FILM #72

Cannes issue / May 2011 / Melancholia, Out of Bounds, Volcano, Drive, Jesper Morthorst, The Ambassador

DFI = Danish Film International

EDITORIAL. We'll admit it. We Danes can get a little smug sometimes. Maybe it's part of being from a small country. We're so proud when someone does well. It rubs off on everyone. We all feel a little bigger, a little more important. When Noma, for the second year running, is crowned as the best restaurant in the world. When Copenhagen is named the coolest city on Earth. When the TV series "The Killing" beats "Mad Men" in Britain. When Susanne Bier wins an Oscar and there is a Danish imprint on at least half a dozen films this year at Cannes, we just can't seem to stop cheering.

The Only Redeeming Factor is the World Ending

The Only Redeeming Factor is the World Ending

INTERVIEW. Pulling himself out of his depression with "Antichrist", Lars von Trier is back to pique the world with "Melancholia", a film about a subject as provocative as the end of the world. Ironically, it seems that the director, more than anything, has made a film that piques himself.  As he tells Per Juul Carlsen, he's not sure he actually likes it. "Melancholia" may even be his first mainstream film.

Driving into Cannes

Driving into Cannes

INTERVIEW. Following "Bronson" and "Valhalla Rising", the Danish director Nicolas Winding Refn, with a cool cast including Ryan Gosling and Carey Mulligan, is kicking in the doors to the Official Competition at Cannes with his Hollywood-produced action drama "Drive".

Dog Days

Dog Days

INTERVIEW. Ever since "Happy Now" earned her the Premier Prix de la Cinéfondation at Cannes in 2004, Frederikke Aspöck, a graduate of NYU, has been feeling the pressure of expectation. The award came with a guarantee that her first feature would be shown in Cannes, and so it is that the Danish director is now debuting for the second time at the Cannes festival, this time with "Out of Bounds".

Eruption

Eruption

INTERVIEW. Complex emotions are played out in Rúnar Rúnarsson's first feature film "Volcano", a Danish production selected for Directors' Fortnight. The Icelandic director's uniquely condensed style attracted attention early on in his three awardwinning short films "The Last Farm", "2 Birds" and "Anna".

If walls could talk

If walls could talk

NEW FEATURE. Birgitte Stærmose's feature film debut "Room 304" is a multi-plot drama in which the visual style and the exploration of the wordless intimacy between characters carry as much weight as the elegantly told story revolving around a mysterious gunshot. Stærmose's awardwinning short film "Out of Love" has screened at festivals worldwide.

No Spreadsheets, please!

No Spreadsheets, please!

INTERVIEW. A passion for cinema is what drives Jesper Morthorst, this year's Danish Producer on the Move in Cannes. He believes that a knack for spotting talent and the ability to work in a close creative partnership with the director are cardinal virtues for any producer who wants to succeed.

Restoring masculine dignity

Restoring masculine dignity

INTERVIEW. After his tense WW 2 blockbuster "Flame & Citron", Ole Christian Madsen is back with a light love story about the passion for women, football, tango and wine. Shooting in Argentina, the first time ever for a Danish film crew, turned out to be a blast of fresh experience and inspiration, not least for the director. "SuperClásico" is Madsen's first comedy.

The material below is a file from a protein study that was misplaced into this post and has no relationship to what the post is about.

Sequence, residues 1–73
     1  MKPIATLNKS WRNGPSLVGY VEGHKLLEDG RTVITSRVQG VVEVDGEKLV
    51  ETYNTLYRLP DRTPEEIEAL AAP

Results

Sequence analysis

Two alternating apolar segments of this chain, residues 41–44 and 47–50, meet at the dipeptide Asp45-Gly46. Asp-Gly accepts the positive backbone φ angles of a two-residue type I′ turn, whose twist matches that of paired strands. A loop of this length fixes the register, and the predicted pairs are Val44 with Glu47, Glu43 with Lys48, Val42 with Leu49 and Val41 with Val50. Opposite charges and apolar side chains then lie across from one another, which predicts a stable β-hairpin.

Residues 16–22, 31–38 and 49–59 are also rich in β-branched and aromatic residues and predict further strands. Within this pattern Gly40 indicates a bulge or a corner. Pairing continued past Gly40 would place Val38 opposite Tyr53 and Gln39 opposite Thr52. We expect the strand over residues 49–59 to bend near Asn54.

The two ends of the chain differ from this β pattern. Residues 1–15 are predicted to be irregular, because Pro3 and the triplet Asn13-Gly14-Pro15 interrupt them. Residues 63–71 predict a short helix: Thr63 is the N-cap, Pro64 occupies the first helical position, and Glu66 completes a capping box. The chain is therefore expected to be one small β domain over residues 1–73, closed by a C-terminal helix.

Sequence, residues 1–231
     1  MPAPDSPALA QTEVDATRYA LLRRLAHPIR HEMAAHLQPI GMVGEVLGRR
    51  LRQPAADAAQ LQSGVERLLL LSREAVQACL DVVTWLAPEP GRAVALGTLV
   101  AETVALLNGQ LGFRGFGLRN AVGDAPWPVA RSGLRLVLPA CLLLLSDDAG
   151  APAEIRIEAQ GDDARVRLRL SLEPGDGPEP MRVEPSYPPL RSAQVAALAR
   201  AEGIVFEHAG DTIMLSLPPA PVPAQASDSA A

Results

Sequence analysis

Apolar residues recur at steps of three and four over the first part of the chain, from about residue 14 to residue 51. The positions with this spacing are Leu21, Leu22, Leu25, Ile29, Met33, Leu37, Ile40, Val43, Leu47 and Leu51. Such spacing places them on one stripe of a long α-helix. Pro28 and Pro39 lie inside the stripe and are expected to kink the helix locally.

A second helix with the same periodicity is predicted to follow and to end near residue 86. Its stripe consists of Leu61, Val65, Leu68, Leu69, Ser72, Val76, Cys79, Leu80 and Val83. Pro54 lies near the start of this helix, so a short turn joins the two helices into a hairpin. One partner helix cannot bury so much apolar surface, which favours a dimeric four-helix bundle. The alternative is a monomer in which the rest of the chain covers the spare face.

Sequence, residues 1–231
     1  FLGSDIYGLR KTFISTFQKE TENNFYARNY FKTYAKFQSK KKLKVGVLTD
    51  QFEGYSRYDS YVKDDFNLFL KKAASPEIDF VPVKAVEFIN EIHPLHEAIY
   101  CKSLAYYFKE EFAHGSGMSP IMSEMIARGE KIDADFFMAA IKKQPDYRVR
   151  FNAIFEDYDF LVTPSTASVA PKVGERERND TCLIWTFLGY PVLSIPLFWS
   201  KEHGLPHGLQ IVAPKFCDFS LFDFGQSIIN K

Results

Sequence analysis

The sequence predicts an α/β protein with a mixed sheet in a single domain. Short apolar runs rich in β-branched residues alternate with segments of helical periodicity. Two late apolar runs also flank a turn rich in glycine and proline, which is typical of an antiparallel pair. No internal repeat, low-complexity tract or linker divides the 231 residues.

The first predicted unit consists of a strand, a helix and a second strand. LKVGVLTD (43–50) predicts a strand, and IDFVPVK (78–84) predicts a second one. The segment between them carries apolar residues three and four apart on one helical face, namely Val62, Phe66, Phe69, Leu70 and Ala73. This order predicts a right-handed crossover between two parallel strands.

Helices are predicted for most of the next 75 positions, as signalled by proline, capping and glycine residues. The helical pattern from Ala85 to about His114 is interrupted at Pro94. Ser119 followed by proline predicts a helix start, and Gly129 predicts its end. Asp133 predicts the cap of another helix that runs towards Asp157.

Boe and the beast

Boe and the beast

INTERVIEW. As Christoffer Boe's new feature "Beast" shows, making a film doesn't have to be complicated. With the right idea and the necessary determination, you can start shooting tomorrow. Nicolas Bro, Boe's favourite actor, saw the potential right away.

A meek giant

A meek giant

INTERVIEW. "Teddy Bear" is about a Danish bodybuilder who goes to Thailand looking for love. Mads Matthiesen's debut feature is a sign of a new trend in Danish cinema that finds directors of narrative films consciously working in the documentary spirit and style.

The man with the yellow hat gone bad

The man with the yellow hat gone bad

INTERVIEW. In his Sundance winner "The Red Chapel", media prankster Mads Brügger travelled to North Korea as a communist theatre director. Now, in "The Ambassador", he has abandoned his role-playing. Or has he? In the Central African Republic on a diplomatic passport, he tries to start up a match factory with a workforce of Pygmies. Per Juul Carlsen asks why.

Applause for a funnyman

Applause for a funnyman

INTERVIEW. After a spin around the festival circuit with "Applause", Martin Pieter Zandvliet set his sights on directing a warts-and-all biopic about Denmark's greatest comedian, Dirch Passer. Three decades after his too-early death, "A Funny Man" tells the tragic story of a man who lived for attention and found himself trapped in his own legend. By Jacob Wendt Jensen.

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Factbox

PUBLISHED BY Danish Film Institute
EDITOR Susanna Neimann
EDITORIAL TEAM Lars Fiil-Jensen, Annemarie Hørsman
TRANSLATIONS Glen Garner

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DFI-FILM Issue 

Susanna Neimann

Editor
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susannan@dfi.dk

Annemarie Hørsman
Editor
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annemarieh@dfi.dk 

Lars Fiil-Jensen
Editorial team
Tel. +45 2032 8121
larsf@dfi.dk

Anders Budtz-Jørgensen
Editorial team
Tel. +45 3374 3528
andersbj@dfi.dk

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